Researchers find that eating habits in childhood can be a factor that helps to predict overweight in adulthood.
Researchers set up an interactive website to gather information about childhood predictors of adult body mass index (BMI) from the general public.
The scientists discovered that "crowdsourcing" - everyday people asking and answering questions of each other - could zero-in on predictors of obesity.
More interesting, the website visitors discovered some intriguing connections that experts hadn't considered.
Josh Bongard, a UVM computer scientist and co-author on the new study, said that obesity is a very well-investigated subject and yet the public was able to find new angles.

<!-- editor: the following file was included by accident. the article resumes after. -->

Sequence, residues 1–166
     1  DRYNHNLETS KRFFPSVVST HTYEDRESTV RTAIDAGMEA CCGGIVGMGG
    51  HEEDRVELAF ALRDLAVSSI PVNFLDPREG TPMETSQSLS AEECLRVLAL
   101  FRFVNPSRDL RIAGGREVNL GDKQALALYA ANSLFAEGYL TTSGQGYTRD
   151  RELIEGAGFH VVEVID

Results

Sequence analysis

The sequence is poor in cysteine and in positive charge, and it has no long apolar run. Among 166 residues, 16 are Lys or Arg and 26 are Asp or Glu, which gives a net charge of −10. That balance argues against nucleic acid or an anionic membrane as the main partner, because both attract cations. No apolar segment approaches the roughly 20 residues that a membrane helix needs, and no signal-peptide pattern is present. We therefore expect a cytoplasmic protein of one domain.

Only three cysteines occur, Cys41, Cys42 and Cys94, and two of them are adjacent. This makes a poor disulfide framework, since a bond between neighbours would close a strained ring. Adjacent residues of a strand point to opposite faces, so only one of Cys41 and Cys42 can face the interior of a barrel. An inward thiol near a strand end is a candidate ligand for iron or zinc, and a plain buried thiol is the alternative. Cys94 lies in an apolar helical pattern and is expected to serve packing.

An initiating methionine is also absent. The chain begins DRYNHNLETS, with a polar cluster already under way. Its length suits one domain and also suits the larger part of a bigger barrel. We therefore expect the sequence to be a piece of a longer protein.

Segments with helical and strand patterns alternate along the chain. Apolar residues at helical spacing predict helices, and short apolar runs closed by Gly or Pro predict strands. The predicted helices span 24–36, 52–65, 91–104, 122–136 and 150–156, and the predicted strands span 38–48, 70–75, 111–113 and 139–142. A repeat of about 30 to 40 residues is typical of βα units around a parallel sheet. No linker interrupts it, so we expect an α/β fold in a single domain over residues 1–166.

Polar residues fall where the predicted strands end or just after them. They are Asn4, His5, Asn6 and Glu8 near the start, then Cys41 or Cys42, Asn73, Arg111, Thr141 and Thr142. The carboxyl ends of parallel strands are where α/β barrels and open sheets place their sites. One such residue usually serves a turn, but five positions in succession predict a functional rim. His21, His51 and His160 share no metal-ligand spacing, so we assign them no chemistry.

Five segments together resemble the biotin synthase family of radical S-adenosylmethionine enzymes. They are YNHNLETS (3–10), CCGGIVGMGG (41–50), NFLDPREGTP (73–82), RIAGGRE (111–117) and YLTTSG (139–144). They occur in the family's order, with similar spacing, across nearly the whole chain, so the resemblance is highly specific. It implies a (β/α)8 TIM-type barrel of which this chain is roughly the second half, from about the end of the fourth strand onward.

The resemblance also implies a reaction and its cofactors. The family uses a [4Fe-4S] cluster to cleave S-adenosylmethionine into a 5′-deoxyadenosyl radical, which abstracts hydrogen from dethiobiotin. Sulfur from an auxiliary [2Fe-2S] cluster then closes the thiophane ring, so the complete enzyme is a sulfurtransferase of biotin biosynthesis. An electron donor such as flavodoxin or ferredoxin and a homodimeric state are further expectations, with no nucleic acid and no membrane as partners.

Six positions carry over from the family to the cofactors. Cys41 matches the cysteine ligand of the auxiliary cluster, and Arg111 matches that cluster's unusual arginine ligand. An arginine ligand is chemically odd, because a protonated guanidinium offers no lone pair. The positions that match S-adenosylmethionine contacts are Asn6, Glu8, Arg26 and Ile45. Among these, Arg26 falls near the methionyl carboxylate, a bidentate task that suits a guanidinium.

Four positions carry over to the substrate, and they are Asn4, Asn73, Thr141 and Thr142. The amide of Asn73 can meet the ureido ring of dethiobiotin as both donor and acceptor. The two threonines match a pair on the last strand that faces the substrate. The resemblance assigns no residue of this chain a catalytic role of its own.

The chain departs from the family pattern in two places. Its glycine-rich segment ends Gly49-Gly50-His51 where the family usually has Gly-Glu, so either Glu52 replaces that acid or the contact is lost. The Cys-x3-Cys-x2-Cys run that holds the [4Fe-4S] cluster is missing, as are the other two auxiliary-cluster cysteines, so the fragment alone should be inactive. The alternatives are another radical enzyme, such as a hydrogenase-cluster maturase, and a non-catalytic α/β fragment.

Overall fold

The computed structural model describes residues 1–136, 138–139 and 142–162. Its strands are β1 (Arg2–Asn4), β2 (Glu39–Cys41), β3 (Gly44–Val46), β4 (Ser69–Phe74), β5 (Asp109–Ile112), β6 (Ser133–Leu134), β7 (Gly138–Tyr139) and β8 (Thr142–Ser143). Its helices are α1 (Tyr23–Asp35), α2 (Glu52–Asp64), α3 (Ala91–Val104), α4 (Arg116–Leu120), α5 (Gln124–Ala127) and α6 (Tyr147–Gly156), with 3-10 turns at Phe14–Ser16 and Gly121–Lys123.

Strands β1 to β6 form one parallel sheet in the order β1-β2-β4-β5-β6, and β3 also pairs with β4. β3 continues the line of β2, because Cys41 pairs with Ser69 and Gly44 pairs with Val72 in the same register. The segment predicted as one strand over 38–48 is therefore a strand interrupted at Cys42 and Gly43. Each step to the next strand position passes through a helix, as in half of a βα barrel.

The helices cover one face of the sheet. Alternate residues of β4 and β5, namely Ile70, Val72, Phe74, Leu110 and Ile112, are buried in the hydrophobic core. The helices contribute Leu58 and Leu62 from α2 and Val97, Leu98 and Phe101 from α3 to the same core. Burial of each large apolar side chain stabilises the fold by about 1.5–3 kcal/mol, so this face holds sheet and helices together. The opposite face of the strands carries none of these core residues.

He said that the non-expert might trigger the expert to think along a different line that they haven't tried before, asserting that they're democratizing investigation here.
Over a two-week period, 532 adults from various English-speaking countries visited the website and supplied their height and weight to determine their BMI.
Paul Hines, a co-author and professor in UVM's College of Engineering and Mathematical Sciences, said that the most highly correlated question was: did your parents encourage you to clean your plate?, asserting that if their parents forced them to eat everything on their plate as a child, then they're more likely to be overweight as an adult.
The study has been published in PLOS ONE.